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# DrunkardMob: Billions of Random Walks on Just a PC

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Research paper presentation at RecSys explaining how to simulate random walks if your graph does not fit in memory.

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• ----- Meeting Notes (10/15/13 17:19) -----
• So how would we do this if we could fit the graph in memory?
• ### DrunkardMob: Billions of Random Walks on Just a PC

1. 1. Thanks: Major part of this work done during visit at Twitter’s Personalization and Recommendations team (Fall-2012). DrunkardMob: Billions of Random Walks on Just a PC Aapo Kyrola Carnegie Mellon University Twitter: @kyrpov Big Data – small machine DrunkardMob - RecSys '13
2. 2. This work in a Nutshell 1. Background: Random walk –based methods are popular in Recommender Systems. 2. Research problem: How to simulate random walks if your graph does not fit in memory? 3. Solution: Instead of doing one walk a time, do billions of them a time. Stream graph from disk and maintain walk states in RAM. DrunkardMob - RecSys '13
3. 3. Contents • • • • Introduction to random walks Disk-based graph systems: GraphChi DrunkardMob algorithm Experiments All code available in GitHub: http://github.com/graphchi/graphchi-java DrunkardMob - RecSys '13
4. 4. Introduction: Random Walks • Graph: G(V, E) – V = vertices / nodes, E = edges / links. • Walk is a sequence of random t visits to vertices: w := source(0)  v(1)  v(2)  v(3) ….  v(t) • Walks follow edges by default, but can also reset or teleport with certain probability. – Transition probability:'13 P(v(k+1) | v(k)) DrunkardMob - RecSys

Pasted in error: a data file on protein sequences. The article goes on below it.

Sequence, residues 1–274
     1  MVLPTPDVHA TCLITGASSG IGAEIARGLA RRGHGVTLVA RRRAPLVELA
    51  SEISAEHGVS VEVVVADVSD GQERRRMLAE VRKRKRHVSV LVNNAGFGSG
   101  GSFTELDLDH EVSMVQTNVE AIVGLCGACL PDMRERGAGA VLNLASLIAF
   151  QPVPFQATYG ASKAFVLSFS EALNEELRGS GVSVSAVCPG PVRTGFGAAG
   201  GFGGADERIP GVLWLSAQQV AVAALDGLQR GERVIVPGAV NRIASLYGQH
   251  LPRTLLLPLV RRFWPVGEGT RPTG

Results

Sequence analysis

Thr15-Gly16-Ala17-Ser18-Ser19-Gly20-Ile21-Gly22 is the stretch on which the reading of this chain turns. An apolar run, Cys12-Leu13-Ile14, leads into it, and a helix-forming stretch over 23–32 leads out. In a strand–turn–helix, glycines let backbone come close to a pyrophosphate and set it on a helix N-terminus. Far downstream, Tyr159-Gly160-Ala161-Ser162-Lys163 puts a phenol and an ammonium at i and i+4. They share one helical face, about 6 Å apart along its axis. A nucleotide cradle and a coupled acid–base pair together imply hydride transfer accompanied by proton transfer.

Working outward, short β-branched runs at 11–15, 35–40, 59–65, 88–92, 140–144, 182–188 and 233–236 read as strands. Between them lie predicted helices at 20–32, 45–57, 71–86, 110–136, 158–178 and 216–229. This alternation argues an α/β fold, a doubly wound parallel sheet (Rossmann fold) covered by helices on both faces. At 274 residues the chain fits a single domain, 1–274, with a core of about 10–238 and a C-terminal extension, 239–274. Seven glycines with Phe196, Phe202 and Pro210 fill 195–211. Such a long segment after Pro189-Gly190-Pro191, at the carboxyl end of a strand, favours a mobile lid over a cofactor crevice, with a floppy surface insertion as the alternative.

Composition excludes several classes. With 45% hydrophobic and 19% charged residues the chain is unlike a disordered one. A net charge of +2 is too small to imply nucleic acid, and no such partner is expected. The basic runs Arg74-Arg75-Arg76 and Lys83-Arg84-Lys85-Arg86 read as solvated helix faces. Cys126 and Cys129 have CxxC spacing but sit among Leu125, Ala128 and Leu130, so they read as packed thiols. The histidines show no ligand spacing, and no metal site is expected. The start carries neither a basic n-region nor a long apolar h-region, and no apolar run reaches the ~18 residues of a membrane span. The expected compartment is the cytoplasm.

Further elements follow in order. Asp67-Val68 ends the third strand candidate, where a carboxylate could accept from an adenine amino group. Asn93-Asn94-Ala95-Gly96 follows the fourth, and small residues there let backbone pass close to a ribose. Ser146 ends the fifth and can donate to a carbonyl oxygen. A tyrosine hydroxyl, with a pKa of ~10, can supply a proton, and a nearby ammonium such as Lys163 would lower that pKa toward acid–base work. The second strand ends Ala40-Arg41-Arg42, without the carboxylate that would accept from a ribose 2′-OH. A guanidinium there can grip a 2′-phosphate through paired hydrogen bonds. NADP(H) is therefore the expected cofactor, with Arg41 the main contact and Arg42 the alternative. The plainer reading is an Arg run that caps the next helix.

5. 5. Introduction (cont.) • Usually we are interested about the distribution of the visits. – Either global distribution or for each source separately. – Many applications (PageRank, FolkRank, SALSA,..) • Can be used to generate candidates: – Choose top K visited vertices as candidates to recommend. DrunkardMob - RecSys '13
6. 6. Example: Global PageRank • Model: random surfer who starts from random webpage and clicks each link on the page with uniform probability: – With probability d, teleports to a random vertex  infinite walk. “any vertex” P=d P=(1-d) / 3 ? P=(1-d) / 3 P=(1-d) / 3 • Pagerank(web page) ~ Can authority of web page. be computed using “power iteration” very efficiently (in secs / minutes even for graphs with billions of vertices)  Not interesting. DrunkardMob - RecSys '13
7. 7. Personalized Pagerank • Pagerank | home (source) nodes: – Compute pagerank vector for each node separately  resets only to the home node(s). – Restrict home nodes to some category / topic / pages visited by a user. • Used e.g. for social network recommendations. DrunkardMob - RecSys '13 home vertex P=d P=(1-d) / 3 ? P=(1-d) / 3 P=(1-d) / 3
8. 8. Personalized Pagerank (cont.) • Naïve computation of Personalized Pagerank (PPR): – Compute pagerank vector for each source separately using power iteration: O(n^2) • Approximate by sampling: – Simulate actual walks on the graph. DrunkardMob - RecSys '13
9. 9. Random walk in an in-memory graph • Compute one walk a time (multiple in parallel, of course): in walks: parfor walk for i=1 to : vertex = walk.atVertex() walk.takeStep(vertex.randomNeighbor()) DrunkardMob - RecSys '13
10. 10. Problem: What if Graph does not fit in memory? Twitter network visualization, by Akshay Java, 2009 Disk-based “singlemachine” graph systems: - “Paging” from disk is costly. Distributed graph systems: - Each hop across partition boundary is costly. (This talk) DrunkardMob - RecSys '13
11. 11. DISK-BASED GRAPH SYSTEMS DrunkardMob - RecSys '13
12. 12. Disk-based Graph Systems • Recently frameworks that can handle graphs with billions of edges on a single machine, using disk, have been proposed: – GraphChi (Kyrola, Blelloch, Guestrin: OSDI’12) – TurboGraph (KDD’13) – [X-Stream (SOSP’13) – model not suitable] • We assume vertex-centric model: – Computation done one vertex a time. DrunkardMob - RecSys '13
13. 13. GraphChi execution model 1 v1 v2 n interval(1) interval(2) interval(P) shard(1) shard(2) shard(P) For T iterations: For p=1 to P For vertex in interval(p) updateFunction(vertex) DrunkardMob - RecSys '13